The What and How of Loving Kindness | Namchak

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The What and How of Loving Kindness

This month we are focusing on Loving Kindness, or metta meditation. It is our hope that this month will be a time of wishing happiness for all beings. Perhaps we can use all of the Valentine’s Day advertisements as reminders to do this practice instead of buying boxes of chocolates. What better gift than happiness can we give ourselves, others, and the world? The term Loving Kindness might sound a little fluffy, but as we look around the world are there any downsides to cultivating more happiness? We don’t think so. 

Think of Loving Kindness as an equal opportunity love. It is usually easy to love the people close to us and wish them well. But what about everyone else? With this practice we learn to extend the same love to ourselves, to the stranger who cuts us off in traffic, and to our dearest friends. We don’t expect that level of happiness to infiltrate our lives after our first Loving Kindness practice. However, the goal is to build the capacity to let the wish for happiness flow through us so we can indiscriminately extend it to ourselves and every living being. It is a process of slowly chipping away at the walls we have built that prevent us from loving ourselves. Then, we work on the walls we have built preventing us from loving others. 

Let’s jump in and get to practice. 

The first step in this meditation is to imagine that you’re in front of yourself or inside of your heart. If envisioning yourself becomes a barrier, start by picturing a loved one, and then ease into envisioning yourself. Envelop yourself or your loved one in warm, strong feelings of love. Sometimes self-love is hard to come by, so it’s ok to feel uncomfortable at the start.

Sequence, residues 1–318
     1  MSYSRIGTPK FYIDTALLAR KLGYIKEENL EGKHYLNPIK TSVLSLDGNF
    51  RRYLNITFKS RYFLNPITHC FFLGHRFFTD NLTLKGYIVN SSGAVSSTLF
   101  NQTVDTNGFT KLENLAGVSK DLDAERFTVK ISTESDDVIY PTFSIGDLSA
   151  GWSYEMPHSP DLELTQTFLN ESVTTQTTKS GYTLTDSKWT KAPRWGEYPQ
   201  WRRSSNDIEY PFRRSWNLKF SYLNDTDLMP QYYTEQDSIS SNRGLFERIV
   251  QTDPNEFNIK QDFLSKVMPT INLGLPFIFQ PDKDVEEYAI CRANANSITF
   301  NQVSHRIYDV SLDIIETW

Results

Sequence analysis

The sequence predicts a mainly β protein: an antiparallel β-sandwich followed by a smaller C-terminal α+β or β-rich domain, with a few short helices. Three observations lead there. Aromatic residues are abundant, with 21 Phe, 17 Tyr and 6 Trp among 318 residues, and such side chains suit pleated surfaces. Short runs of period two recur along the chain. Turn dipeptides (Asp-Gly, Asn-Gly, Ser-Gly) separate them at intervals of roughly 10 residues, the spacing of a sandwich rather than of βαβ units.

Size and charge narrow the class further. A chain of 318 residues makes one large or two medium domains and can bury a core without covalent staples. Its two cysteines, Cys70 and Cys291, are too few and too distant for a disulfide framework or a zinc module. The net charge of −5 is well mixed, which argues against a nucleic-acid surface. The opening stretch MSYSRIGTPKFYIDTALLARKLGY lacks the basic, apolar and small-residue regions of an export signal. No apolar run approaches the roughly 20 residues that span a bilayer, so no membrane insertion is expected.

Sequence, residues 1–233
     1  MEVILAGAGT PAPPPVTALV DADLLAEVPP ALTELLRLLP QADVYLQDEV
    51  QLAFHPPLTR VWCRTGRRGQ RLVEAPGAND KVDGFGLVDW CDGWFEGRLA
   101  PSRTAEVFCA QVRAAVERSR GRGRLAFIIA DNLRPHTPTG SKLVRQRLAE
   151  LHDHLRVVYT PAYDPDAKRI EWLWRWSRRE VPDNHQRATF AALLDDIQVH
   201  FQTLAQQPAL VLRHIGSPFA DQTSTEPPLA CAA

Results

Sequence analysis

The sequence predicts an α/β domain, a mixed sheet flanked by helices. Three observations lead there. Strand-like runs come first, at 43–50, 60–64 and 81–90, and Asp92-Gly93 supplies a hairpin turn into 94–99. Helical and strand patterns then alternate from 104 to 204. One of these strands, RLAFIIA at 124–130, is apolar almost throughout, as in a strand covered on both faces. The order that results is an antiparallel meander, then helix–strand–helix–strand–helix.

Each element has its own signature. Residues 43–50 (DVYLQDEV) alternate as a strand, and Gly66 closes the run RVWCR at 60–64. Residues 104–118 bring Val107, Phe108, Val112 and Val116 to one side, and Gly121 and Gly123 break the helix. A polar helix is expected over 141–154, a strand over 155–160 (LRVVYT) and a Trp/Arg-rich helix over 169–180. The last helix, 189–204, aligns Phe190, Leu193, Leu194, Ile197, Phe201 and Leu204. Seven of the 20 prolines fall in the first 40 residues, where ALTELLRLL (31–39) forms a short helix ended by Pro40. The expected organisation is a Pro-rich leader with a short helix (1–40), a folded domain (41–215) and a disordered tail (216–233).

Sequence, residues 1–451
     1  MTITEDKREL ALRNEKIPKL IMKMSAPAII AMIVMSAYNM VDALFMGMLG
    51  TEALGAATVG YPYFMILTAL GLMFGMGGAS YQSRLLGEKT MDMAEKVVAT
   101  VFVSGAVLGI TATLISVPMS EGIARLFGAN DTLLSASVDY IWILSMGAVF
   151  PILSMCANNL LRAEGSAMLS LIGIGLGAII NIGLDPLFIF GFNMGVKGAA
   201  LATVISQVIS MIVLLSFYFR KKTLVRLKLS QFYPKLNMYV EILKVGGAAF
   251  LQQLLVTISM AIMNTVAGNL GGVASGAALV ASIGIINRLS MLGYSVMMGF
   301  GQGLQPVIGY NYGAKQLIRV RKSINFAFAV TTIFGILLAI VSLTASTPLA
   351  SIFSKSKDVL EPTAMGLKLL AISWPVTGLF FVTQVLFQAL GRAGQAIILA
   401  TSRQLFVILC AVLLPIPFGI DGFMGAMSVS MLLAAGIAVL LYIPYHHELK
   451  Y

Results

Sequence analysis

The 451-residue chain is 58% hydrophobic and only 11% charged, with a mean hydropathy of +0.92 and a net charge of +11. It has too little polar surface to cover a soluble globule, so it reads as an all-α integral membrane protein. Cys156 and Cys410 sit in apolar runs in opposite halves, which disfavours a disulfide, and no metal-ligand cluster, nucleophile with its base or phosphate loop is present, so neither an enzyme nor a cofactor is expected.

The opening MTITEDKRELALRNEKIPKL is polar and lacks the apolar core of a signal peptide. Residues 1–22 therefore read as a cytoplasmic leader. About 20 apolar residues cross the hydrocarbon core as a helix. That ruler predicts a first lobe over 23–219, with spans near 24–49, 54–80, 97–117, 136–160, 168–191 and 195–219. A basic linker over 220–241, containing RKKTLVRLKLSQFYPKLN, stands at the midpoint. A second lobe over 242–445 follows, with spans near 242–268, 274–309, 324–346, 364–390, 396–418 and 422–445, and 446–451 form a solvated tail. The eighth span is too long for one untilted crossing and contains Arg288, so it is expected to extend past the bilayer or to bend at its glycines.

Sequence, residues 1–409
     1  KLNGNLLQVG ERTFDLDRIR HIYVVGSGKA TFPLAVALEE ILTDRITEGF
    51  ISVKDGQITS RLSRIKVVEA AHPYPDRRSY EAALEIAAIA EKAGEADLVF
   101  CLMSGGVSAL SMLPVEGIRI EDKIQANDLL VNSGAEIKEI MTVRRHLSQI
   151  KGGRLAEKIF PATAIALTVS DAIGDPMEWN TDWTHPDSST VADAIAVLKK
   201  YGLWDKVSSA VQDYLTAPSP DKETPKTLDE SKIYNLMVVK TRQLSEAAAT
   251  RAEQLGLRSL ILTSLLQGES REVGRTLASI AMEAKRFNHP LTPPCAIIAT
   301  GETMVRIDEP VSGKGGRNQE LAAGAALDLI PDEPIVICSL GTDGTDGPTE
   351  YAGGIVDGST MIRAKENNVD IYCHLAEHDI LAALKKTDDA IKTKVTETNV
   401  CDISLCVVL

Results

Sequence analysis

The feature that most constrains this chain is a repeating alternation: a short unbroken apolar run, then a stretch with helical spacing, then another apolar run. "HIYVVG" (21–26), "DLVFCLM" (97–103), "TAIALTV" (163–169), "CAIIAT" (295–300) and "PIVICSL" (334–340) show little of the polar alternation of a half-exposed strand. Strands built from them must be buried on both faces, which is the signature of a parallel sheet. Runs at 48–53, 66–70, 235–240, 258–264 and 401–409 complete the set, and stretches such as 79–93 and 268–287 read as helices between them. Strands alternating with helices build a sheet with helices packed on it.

Envision yourself as a child. What would you want for that child? To be happy? If you can wish happiness for your child-self, why not wish it for your adult self now? Most likely, at some point in life you received the message that you are not worthy of love, or that once you achieve perfection, only then will you be worthy of love. Think of someone you love. Are they perfect? Most likely not, yet you love and wish them happiness anyway. You can grow the capacity to give that same Loving Kindness to yourself.

Imagine wrapping yourself or your child-self in a warm embrace. At the same time, let the love and warmth of that hug move through your body. Settle into your embrace and say this, or something along these lines: 

May you be happy. May you be well. May you be safe. May you be peaceful and at ease.”

Repeat that as many times as you like.

Once you feel a healthy love for yourself, follow the same practice for a loved one. See them clearly, embrace them, then repeat the above sentences or your own versions of them. Feel free to be creative. Keep going until you feel love, like waves rolling out to that person. Hint: This will be easier if you first take in Loving Kindness for yourself. 

Send your love to entire classes of beings. There is an enormous world of sentient beings around you. There’s no need to limit Loving Kindness. Send it out until you feel surrounded by the strong tides, then soak up all that Loving Kindness.

To do this practice in person with Lama Tsomo, sign up for an upcoming Four Immeasurables retreat here!